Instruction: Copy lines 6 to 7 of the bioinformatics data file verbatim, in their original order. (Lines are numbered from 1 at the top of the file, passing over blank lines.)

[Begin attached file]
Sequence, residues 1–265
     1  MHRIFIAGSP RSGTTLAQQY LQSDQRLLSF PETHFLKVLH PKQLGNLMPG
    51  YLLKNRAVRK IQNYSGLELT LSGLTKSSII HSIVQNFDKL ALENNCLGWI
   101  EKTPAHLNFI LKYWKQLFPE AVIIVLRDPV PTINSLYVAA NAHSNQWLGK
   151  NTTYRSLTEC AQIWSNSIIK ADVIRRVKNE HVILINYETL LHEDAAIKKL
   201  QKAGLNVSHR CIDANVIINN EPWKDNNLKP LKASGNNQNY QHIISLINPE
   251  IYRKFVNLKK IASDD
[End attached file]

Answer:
   201  QKAGLNVSHR CIDANVIINN EPWKDNNLKP LKASGNNQNY QHIISLINPE
   251  IYRKFVNLKK IASDD